It's cold. Really cold. Like we should be somewhere north of the Mason-Dixon Line cold. (Bear in mind that I live in desert-y west Texas and am a cold weather WIMP!) But wimpiness aside, I have actual proof of the extreme cold: my pipes are frozen.
As part of the upstairs remodel, we decided to get the house re-plumbed. There were pin-hole leaks in each of the walls the contractor opened up, so it seemed prudent to take care of it sooner rather than later. We decided to go with PEX tubing since it would get all plumbing out of our foundation and was also reported to be 'freeze proof' by our builder. In case of freeze, the pipes would swell to the size of a softball without bursting. Sounds great, huh?
And it is. The pipes have, in fact, not burst in the sub-freezing temperatures. But frozen? You bet! Starting on Wednesday, we have had progressive water loss throughout our house. First, we lost water to the kitchen sink. Then we lost water to the water heater that supplies three-quarters of the house. Then we lost water to the fridge. Next came the master bathroom. Luckily, the kids bathroom has its own water heater. It is currently our only source of hot water. The upstairs bathroom is still working, but only if you like cold showers.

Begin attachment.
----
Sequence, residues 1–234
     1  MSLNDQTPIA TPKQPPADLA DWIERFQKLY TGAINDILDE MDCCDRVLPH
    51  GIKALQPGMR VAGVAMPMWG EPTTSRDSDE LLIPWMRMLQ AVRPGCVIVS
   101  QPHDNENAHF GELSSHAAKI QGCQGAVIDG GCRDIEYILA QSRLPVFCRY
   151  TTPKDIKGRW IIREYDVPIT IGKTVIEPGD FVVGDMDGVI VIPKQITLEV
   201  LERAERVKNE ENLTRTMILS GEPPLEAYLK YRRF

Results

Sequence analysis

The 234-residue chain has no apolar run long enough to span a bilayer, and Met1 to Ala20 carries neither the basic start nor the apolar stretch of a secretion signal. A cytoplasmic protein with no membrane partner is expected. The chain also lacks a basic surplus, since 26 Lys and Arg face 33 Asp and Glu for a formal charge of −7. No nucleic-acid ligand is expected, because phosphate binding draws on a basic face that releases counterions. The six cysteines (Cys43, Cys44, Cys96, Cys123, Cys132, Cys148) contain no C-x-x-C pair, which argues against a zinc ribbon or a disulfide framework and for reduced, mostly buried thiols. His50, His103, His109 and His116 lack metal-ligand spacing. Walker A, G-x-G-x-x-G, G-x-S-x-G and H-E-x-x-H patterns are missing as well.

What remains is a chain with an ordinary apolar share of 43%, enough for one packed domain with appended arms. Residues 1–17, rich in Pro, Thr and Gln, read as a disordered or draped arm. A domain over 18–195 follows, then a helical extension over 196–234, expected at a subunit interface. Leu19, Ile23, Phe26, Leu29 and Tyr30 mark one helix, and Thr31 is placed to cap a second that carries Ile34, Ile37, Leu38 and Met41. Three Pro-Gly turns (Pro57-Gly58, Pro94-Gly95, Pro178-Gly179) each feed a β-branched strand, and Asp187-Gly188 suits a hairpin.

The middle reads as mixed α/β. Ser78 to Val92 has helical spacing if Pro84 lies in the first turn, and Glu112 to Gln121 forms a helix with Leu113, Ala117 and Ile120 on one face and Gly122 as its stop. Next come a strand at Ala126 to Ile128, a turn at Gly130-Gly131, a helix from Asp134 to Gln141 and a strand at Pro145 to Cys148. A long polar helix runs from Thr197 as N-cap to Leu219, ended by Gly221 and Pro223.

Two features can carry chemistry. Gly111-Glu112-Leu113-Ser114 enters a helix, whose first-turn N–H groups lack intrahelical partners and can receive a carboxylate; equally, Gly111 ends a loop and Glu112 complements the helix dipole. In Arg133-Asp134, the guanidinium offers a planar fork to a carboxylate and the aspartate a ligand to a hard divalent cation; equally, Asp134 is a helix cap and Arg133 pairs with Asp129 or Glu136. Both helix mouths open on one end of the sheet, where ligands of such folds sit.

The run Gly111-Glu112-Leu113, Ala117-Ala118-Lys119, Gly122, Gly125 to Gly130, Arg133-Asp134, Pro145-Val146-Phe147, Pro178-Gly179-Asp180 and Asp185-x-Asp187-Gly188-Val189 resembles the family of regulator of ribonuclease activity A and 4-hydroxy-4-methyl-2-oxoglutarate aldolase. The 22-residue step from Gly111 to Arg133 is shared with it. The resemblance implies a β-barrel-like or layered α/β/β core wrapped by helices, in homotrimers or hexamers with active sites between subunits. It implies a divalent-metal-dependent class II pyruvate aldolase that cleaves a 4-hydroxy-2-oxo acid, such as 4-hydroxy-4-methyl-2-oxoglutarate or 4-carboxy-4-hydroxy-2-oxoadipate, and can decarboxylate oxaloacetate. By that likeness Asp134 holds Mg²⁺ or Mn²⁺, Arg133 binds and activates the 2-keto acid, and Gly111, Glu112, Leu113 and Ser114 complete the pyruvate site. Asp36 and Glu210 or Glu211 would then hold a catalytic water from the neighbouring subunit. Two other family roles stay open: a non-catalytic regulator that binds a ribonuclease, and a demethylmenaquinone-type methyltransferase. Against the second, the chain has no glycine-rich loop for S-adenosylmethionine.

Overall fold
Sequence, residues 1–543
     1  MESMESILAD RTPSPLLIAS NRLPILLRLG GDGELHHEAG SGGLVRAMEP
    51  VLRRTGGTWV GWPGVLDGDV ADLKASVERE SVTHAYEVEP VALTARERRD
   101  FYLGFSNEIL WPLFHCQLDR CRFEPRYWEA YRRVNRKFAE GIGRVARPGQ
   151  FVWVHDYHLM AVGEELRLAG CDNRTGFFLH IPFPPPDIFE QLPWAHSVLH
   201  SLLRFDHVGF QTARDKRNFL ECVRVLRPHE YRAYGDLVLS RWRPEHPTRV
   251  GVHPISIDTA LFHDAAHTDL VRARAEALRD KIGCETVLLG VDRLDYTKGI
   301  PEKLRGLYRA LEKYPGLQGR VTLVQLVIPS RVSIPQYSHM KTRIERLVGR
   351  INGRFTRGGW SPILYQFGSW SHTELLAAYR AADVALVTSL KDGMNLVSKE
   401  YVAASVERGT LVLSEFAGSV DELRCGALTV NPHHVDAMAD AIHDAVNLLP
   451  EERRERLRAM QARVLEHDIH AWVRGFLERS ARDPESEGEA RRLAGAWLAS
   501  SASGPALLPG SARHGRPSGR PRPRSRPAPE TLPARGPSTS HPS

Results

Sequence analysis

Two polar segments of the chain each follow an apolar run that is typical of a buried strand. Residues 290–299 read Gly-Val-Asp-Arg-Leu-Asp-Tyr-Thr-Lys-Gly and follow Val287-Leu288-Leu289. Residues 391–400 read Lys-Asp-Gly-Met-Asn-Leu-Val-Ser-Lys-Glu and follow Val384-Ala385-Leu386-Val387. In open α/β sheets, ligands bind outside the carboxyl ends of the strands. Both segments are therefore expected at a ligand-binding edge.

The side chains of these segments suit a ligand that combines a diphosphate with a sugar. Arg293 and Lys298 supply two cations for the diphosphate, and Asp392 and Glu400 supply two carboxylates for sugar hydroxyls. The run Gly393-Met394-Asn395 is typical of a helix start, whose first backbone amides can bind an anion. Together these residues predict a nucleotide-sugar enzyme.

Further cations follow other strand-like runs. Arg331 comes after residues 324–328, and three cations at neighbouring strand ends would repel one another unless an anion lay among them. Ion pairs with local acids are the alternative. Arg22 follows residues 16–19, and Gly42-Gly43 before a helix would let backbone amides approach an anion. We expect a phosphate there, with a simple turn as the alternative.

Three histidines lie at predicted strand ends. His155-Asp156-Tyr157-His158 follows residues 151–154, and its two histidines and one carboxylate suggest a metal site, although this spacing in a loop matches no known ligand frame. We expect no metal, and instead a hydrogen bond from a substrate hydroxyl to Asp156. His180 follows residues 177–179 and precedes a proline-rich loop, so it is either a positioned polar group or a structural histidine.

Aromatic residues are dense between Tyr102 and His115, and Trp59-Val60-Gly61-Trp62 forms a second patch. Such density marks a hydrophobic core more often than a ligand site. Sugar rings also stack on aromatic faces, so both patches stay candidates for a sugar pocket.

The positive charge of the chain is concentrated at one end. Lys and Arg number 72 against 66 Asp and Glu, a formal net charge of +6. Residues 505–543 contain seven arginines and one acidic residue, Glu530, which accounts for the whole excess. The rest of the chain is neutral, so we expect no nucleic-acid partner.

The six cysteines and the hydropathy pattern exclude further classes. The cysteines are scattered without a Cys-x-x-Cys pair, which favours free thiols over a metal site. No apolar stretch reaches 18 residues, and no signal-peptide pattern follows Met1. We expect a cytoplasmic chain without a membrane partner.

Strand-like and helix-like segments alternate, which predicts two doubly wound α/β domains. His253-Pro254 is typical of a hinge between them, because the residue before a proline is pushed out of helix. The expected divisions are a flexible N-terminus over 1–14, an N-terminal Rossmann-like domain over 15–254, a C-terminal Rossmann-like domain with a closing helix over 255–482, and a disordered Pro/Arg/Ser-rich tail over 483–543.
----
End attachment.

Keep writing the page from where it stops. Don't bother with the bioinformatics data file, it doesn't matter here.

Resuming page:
Irony alert: a couple of weeks ago when we had a hard frost, I noticed that the area over our garage was completely frost free. I reported to T that we really needed to do something about the insulation there - we were losing a lot of heat! He gave me the brush off and said the house was sealed up tight and not to worry my pretty little head over it.
Once the pipes started freezing, he went up to the attic to see what was going on. Huh. The pipes weren't insulated! As a matter of fact, the entirety of the new construction has cold air circulating freely under the (uninsulated) floor. No wonder our utility bills have been so astronomical. The heat was going straight out the attic vents.